Skip to main content

1782: Village of Moravian Delaware Indians Massacred

In 1782, some 96 Moravian Delaware Indians were massacred in the village of Gnadenhutten, Ohio. A 35-foot monument stands at the Gnadenhutten Massacre Site.

Today marks the 235th anniversary of the Gnadenhutten Massacre of the Moravian Delaware Indians. It was on this day, 235 years ago, that 96 Christian Indians were massacred in the small Moravian Delaware Indian village of Gnadenhuttten, Ohio. The remains of these 96 Christian Indians lay exposed to the forest animals and the weather for over 15 years before being piled in a mass grave called the Burial Mound for the Christian Indian Martyrs.

The year was 1782. On this bitter cold day in March, a group of nearly 100 Moravian Delaware Indians were working in the fields, gathering the corn they were forced to abandon during the previous year’s harvest.

Out of the woods and through the snow came a large group of colonial militiamen on horseback. As the startled Indians watched them approach, the leader of the militiamen gave a friendly hailing gesture.


After exchanging peaceful greetings, the militiamen told the Moravian Delaware Indians that they were sent to rescue them from the approaching British troops and would be escorting them to nearby Fort Pitt. Convinced that their intentions were honorable, the Indians complied with the request to surrender their weapons.

Scroll to Continue

Read More

As soon as the weapons were gathered, the treachery was revealed. In a surprise move, the militiamen turned their weapons on the Moravian Delaware converts and informed them that they were to be killed. The frightened group of Moravian Delaware Indians pleaded for their lives but the thirst for killing was strong. Their request was denied. When the Indians saw there was no hope for mercy, they asked for time to pray and prepare for death. They were granted a stay of execution to last during the overnight hours only, and no more.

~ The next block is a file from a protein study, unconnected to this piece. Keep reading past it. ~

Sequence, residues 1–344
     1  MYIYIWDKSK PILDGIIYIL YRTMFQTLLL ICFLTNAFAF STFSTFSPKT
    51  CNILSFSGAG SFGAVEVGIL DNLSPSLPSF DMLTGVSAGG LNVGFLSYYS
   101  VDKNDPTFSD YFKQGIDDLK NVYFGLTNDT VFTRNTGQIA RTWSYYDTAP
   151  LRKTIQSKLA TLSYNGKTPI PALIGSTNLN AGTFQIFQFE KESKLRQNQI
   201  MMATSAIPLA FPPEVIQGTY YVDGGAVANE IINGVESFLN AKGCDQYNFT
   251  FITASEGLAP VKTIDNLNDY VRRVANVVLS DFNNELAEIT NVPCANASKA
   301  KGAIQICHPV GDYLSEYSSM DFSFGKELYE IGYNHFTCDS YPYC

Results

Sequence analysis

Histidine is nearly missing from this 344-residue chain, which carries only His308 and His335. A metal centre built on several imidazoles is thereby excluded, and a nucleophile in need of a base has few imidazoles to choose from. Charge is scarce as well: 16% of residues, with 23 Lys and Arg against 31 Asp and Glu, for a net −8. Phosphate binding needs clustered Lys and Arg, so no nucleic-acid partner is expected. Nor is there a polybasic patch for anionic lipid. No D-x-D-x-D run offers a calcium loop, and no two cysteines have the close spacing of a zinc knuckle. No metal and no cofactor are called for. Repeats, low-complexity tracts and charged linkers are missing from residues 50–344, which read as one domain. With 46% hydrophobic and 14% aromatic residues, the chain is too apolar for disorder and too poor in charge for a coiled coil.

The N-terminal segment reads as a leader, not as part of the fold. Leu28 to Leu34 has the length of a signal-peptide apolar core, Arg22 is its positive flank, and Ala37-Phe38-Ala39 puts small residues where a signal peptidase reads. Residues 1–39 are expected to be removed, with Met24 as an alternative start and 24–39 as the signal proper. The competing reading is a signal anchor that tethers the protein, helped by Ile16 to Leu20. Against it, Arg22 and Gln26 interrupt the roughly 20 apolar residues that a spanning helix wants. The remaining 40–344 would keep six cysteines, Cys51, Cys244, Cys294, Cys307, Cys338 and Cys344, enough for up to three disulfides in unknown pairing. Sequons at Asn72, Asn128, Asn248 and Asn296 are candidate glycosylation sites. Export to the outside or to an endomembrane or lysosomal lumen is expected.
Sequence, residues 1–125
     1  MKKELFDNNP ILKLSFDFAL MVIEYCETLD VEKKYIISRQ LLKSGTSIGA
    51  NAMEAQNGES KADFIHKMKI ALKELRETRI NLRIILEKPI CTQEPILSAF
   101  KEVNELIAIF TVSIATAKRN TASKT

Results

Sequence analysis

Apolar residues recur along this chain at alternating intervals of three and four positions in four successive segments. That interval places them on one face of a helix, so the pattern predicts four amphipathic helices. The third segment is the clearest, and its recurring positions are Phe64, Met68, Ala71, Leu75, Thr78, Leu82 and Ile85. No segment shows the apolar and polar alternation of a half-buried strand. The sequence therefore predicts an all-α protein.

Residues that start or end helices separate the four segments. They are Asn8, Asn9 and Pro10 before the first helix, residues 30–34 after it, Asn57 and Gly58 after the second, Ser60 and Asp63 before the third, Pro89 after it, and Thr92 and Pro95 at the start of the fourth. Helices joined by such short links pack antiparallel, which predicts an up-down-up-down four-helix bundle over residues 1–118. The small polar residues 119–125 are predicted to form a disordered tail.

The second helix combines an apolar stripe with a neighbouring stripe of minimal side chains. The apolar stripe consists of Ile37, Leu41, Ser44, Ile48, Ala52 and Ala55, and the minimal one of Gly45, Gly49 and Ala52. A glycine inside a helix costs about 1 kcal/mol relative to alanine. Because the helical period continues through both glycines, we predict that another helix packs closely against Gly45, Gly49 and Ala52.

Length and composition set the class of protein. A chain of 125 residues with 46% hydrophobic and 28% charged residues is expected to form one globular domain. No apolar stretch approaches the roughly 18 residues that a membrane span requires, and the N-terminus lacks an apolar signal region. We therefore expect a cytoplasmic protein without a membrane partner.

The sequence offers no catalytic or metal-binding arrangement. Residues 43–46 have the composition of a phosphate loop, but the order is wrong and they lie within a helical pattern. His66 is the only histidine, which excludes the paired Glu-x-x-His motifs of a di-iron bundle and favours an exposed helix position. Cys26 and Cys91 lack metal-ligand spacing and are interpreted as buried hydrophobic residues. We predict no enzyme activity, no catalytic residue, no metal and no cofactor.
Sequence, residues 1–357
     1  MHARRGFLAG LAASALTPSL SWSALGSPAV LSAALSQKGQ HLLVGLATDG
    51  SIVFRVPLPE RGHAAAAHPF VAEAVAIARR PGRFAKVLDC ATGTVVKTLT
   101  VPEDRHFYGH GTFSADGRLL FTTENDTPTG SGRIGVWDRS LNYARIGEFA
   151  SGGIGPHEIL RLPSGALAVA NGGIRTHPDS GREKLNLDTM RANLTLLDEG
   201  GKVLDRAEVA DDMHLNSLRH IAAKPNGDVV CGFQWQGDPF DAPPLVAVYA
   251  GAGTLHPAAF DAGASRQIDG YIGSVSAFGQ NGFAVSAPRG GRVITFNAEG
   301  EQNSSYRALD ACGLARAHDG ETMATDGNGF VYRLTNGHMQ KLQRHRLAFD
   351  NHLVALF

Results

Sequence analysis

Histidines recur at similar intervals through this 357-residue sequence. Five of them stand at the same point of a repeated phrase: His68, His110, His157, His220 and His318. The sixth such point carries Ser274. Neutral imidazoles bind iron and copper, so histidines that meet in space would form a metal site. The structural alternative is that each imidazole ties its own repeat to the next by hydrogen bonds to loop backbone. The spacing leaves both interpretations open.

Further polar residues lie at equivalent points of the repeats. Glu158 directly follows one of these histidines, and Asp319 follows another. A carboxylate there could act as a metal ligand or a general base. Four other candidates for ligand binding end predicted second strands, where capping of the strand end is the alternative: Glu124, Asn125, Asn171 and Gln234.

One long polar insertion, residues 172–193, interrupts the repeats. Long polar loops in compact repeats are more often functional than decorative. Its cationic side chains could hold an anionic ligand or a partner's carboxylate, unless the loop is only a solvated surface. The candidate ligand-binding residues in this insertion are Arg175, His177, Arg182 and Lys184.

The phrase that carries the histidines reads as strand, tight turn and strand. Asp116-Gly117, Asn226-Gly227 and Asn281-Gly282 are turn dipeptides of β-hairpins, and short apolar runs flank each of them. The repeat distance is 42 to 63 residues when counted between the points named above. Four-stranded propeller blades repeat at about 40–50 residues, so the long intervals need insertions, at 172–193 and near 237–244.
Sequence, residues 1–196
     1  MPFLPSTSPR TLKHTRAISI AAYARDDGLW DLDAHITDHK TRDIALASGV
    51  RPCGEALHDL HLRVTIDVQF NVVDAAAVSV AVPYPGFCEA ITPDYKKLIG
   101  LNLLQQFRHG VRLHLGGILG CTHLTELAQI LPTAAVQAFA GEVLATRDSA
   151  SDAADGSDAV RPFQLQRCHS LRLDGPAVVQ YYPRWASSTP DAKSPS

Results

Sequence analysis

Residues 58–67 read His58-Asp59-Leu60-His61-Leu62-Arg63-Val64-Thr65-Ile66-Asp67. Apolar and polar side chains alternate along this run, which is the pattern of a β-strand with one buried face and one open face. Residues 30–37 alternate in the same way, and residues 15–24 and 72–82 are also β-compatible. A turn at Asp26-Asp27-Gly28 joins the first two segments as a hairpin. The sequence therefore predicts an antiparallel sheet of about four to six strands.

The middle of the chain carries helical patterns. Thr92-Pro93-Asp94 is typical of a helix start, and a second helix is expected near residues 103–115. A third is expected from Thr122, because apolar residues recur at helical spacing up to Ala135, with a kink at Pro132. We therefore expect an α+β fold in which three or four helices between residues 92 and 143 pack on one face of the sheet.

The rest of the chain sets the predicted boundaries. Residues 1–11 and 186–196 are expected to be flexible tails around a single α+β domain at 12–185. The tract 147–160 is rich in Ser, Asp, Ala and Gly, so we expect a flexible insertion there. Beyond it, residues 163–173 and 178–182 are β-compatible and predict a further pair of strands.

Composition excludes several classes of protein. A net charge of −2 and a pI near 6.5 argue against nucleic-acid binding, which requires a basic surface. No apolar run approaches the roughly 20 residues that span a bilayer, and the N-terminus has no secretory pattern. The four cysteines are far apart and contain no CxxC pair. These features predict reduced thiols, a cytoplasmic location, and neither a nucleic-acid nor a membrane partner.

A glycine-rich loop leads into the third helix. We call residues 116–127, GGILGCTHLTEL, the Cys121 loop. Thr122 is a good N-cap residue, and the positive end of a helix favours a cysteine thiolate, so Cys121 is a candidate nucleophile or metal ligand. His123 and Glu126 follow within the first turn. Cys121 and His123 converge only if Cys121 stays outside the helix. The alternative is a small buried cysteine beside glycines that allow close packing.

The condemned Moravian Delaware Indians spent the night praying and singing hymns, asking God for forgiveness for their own sins, and for the sins of the men who would soon take their lives. They consoled one another and prayed for strength to accept their fate with courage with the knowledge that they would soon be with Jesus, in Heaven.

Not wanting to waste valuable ammunition, the Moravian Delaware Indians were mercilessly clubbed to death by the same people, who before this day, were their allies.

The Christian Indians did not resist. They did not struggle. They prayed.

I am compelled to speak to this matter as my great great grandfather, Christian Moses Stonefish, dedicated the obelisk that stands in the Gnadenhutten Historical Park, erected as a memorial in 1872, and it is my family interred in that burial mound.

This 35-foot monument at the Gnadenhutten Massacre Site was erected to honor the 96 slain Moravian Delaware Indians.

This 35-foot monument at the Gnadenhutten Massacre Site was erected to honor the 96 slain Moravian Delaware Indians.